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Tim Philips-Johansson: Meet Australia’s Global Whisky Whisperer

Australian cocktail maker Tim Philips-Johansson has one of the best jobs in the world. He’s on a mission to take whisky from old fashioned to everyone’s favourite.

Tim Philips-Johansson

Today’s rain is tomorrow’s whisky, according to Scottish legend. For without rain, the over 140 or so malt and grain distilleries scattered across the world’s whisky capital, supplies would slow swiftly.

The distilled fermented grain mash was once reserved as a boys club beverage, associated with high society and elitist hangouts like cigar lounges. But the taste for whisky – be it on the rocks or in a cocktail – has risen in popularity following a concerted effort designed to introduce the centuries-old and sometimes-malted magic to new pallets.

Among the faces pushing whisky into new pockets is award-winning Australian cocktail maker Tim Philips-Johansson, who joined Johnnie Walker in 2021 as its global brand ambassador after 20 years working behind bars. The Melbourne native founded Bulletin Place, a four-time Australian cocktail bar of the year and five-time World’s Best 50 Bars entrant, as well as the restaurant Dead Ringer.

Despite having his pick of spirits after swapping bartending for brand building, Philips-Johansson says he chose whisky because of its “complexity” and believes the perception that whisky is an “old man’s drink” is “bullshit.” 

Rolling Stone sat down with the whisky whisperer in Edinburgh to find out how the hooch is breaking away from its past and evolving into an “androgynous” spirit.

How did an Aussie end up the global brand ambassador for Johnnie Walker?

“It doesn’t come from a sense of patriotism, I’m not Scottish. Johnnie Walker first exported to Australia, so there’s something. But early on in bartending or your palate journey, as you’re tasting, pulling things off the back shelf, you learn pretty quickly that some spirits are easier to mix with than others. Some are more challenging to your palate. I started to not only like the challenge of falling in love with whisky, but the challenge of mixing with whisky as well.”

Where does the masculine perception of whisky come from?

“It’s the most damaging thing to the industry. You’ve got all these so-called scotch lovers that work their asses off to make other people not fall in love with [whisky]. Instead of just having a softly softly approach, and starting with whiskies that would be a good gateway or a bridge for people to get into it, they do the opposite. Yeah, give them the densest smoky cask strength single malt whisky, almost like when an Australian would give the migrant kid Vegemite toast. That’s what so much of the whisky industry has done, bitten off their arm to spite their face. And it’s all crap. And it’s been to be masculinized. It shouldn’t be like that.”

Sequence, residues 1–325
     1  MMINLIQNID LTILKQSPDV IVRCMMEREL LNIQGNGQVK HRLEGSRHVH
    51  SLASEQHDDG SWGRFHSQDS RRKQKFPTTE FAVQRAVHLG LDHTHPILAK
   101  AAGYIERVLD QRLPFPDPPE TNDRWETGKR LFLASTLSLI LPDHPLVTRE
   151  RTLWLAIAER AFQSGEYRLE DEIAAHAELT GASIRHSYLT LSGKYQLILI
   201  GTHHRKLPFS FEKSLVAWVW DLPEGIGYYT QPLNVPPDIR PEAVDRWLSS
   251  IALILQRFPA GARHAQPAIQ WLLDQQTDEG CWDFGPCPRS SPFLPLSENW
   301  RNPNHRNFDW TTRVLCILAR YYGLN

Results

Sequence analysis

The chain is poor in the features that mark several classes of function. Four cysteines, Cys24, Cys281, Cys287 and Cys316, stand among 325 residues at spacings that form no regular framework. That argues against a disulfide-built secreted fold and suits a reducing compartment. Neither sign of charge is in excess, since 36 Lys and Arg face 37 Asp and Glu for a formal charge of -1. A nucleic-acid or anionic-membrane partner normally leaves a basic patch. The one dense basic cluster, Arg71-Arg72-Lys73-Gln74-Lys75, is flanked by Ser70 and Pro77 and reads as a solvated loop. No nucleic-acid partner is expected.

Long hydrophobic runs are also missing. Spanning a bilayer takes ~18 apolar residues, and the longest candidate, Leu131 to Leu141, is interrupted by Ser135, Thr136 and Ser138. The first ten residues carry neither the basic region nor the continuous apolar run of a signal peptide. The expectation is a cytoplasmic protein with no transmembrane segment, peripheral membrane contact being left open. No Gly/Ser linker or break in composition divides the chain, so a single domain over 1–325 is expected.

What’s your role in moving whisky forward and rewriting its past?

“We’re trying to actively create spirits and brands that are androgynous, that are equal. The best way to showcase whisky is to showcase its breadth of flavour across different occasions. But to be perfectly honest with you, where we’re from in Australia, we can create these uplifting, delicious and vibrant punchy cocktails with low sugar and high in flavour. A little bit goes a long way. Even in a humble whisky and ginger ale, fifteen mils of Johnnie Black goes a long way. You only have to see the sorts of people who make scotch in Scotland to realize it’s not a boys club, there are so many women involved throughout the whole whisky-making process here. It’s everyone’s drink.”

Are whisky-based cocktails introducing the spirit to new audiences?

“I hope so. Cocktails can have a reputation for masking alcohol flavour. But when you work in the top end of cocktail bars, you’re really trying to enhance inherent flavours. And sure enough, through that enhancement, you dilute the alcohol level, because you take something that’s 40% and you bring it down to 12 or 13%. So that doesn’t necessarily mask the flavour, but you can certainly enhance it. You can create aperitifs with scotch, and then conversely to that, you can create an affogato with scotch and pistachio ice cream and espresso, which is very much that after-dinner occasion. So that sort of variety of flavour within it means that it makes perfect next cocktail.”

For those curious about whisky, but don’t know where to start, what’s your best advice?

“The first protocol would be to find the best whisky bar in your city. We always say that the best influencers are our bartenders around the world — a good bartender is worth their weight in gold – but can be hard to find. But generally speaking, every city will have a whisky bar. I think bartenders that know a bit about whisky are very receptive to people coming in, and just sitting at the bar, and asking some questions. And then invest two hours and twenty-five quid to explore a couple of different options. There’s a lot of great literature online and there are a million articles. Or you can just message me on Instagram.”